In 1988, Duke actually did run for president as a Democrat, then as a Populist, switching his party affiliation to Republican that December. It was as a Republican that Duke was elected to the Louisiana legislature in a special election in 1989 (my cartoon about that is here). The next year, he ran for Louisiana's seat in the U.S. Senate and polled ahead of Republican Party-endorsed Ben Bagert; to avoid a run-off between Duke and the Democratic incumbent J. Bennett Johnston Jr., the GOP pressured Bagert into withdrawing from the race. Johnston won reelection.
Duke was back again in 1991, running this time for Governor. This time, he beat incumbent Republican Buddy Roemer in the primary, forcing a run-off between Duke and the ethically challenged Democrat, former Governor Edwin Edwards.
Polls predicted an Edwards victory, but Duke countered that his supporters were merely reluctant to be honest to pollsters. In the end, a record 1 million votes were cast for the twice-indicted former Governor, versus only 671,000 for the klansman.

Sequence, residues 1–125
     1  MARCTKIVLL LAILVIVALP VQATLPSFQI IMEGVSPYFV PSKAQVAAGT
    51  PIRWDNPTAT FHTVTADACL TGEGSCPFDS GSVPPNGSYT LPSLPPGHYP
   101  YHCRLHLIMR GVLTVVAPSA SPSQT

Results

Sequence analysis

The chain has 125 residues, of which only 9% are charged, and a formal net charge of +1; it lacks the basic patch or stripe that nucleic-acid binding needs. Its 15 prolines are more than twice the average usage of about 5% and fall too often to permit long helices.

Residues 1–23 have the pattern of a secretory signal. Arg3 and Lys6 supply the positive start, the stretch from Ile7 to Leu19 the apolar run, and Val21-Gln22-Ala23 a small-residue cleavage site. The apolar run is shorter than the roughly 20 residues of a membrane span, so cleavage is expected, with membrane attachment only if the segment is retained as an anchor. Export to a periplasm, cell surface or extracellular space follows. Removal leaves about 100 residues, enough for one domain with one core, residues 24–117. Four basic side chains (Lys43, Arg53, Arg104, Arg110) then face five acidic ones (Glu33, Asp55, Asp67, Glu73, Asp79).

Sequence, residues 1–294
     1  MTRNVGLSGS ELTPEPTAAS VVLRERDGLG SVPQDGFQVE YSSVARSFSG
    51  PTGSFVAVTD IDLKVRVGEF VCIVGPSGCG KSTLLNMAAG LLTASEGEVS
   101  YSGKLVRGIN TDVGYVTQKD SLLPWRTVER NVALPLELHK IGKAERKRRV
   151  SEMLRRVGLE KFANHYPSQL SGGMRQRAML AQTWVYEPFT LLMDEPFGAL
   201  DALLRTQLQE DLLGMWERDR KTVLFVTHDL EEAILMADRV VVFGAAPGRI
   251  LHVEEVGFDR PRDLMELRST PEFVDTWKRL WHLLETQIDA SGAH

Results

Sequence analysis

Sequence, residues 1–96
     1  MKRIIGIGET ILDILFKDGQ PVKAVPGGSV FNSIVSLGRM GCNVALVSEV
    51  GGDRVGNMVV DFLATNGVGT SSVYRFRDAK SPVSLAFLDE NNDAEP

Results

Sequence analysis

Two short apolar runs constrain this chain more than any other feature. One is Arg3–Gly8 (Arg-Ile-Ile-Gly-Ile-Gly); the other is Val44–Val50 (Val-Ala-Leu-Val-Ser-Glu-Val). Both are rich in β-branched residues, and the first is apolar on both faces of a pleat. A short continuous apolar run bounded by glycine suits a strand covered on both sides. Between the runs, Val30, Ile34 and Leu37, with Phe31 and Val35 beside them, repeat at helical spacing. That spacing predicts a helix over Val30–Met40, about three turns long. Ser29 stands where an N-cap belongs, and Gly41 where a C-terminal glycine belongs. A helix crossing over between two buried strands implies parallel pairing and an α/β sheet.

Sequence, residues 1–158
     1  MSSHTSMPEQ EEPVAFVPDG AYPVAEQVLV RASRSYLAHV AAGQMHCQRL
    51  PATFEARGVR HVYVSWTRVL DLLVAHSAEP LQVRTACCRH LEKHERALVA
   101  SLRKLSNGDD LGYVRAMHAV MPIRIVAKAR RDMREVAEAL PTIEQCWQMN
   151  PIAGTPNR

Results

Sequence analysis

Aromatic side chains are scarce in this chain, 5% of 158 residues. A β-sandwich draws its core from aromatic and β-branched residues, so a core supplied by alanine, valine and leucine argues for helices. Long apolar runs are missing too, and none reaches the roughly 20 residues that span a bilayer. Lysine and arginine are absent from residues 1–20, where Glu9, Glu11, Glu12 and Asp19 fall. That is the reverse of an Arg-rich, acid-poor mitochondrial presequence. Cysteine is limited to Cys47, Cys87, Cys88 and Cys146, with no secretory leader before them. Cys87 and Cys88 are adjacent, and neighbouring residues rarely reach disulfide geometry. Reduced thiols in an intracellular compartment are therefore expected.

Duke tried running for President in 1992, this time as a Republican; but the GOP fought to keep him off the ballot, and there was already a much more prominent national figure who could appeal to the Duke Voter.
The high point of Duke's career was already behind him. Duke would later join the Reform Party to work on Pat Buchanan's 2000 presidential campaign. (Donald Trump explored running for the Reform Party nomination that year as well, but dropped out to host "The Apprentice" instead.) Since then, he has offered his support to various fascist and anti-Semitic politicians in Europe and the Near East.